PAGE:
School choice and post hoc family preference in Spain: Do they match up?

Jesús Rogero-García, Mario Andrés-Candelas


The process of school choice depends on a wide range of circumstances including those related to the accessibility to schools and parental preferences. This paper has three goals: (1) Identify whether the preferences for the different kinds of schools (public, publicly-funded private, or private) vary according to the family’s traits; (2) estimate the degree of concurrence between the kind of school their children attend and the kind of school the parents prefer a posteriori; and (3) identify which social groups demonstrate lower levels of concurrence. We used a sub-sample of people with children registered in compulsory grades or post-compulsory grades up to university from representative national survey (2012). Results show that post hoc school preferences differ by educational level, economic status, religious orientation, and size of town. Likewise, we find divergences between the school parents prefer and the school their children attend, something that occurs more frequently among those with less economic resources.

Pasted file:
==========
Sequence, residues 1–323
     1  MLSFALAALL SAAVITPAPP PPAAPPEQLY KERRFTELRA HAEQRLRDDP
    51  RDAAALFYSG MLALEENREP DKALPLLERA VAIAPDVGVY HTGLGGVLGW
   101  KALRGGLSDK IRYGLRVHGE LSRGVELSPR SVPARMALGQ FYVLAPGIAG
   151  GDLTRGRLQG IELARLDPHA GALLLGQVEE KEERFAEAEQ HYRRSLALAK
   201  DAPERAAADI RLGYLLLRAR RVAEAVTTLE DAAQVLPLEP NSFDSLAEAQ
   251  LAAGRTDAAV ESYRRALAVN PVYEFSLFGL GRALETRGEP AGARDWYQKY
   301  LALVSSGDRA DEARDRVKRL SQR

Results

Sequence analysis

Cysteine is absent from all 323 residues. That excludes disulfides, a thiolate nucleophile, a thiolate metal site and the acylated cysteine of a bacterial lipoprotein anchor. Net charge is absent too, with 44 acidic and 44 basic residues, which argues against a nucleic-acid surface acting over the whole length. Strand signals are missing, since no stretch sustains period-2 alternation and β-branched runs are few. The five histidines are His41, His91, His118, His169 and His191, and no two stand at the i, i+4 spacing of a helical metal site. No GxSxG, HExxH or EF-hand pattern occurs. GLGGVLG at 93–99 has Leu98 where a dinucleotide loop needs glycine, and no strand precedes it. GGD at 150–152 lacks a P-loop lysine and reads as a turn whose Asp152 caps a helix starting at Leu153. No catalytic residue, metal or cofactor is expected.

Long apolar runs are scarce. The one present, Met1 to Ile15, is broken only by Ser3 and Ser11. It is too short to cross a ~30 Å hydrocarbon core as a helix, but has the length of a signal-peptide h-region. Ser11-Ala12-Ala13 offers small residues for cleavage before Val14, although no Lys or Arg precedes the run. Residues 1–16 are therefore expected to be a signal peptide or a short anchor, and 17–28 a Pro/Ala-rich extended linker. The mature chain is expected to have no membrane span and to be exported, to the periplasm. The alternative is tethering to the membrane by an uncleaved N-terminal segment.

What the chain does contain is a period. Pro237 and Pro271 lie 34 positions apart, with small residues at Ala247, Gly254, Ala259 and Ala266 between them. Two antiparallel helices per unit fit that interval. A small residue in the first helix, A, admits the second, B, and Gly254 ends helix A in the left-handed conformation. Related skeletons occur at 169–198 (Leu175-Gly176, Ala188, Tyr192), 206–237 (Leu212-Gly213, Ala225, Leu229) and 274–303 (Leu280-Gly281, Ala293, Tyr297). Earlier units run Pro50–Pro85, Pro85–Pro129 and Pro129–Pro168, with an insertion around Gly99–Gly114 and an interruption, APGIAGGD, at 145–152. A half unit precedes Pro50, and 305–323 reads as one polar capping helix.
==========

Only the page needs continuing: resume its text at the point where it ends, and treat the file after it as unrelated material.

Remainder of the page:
school access; school segregation; parental preferences; social inequality

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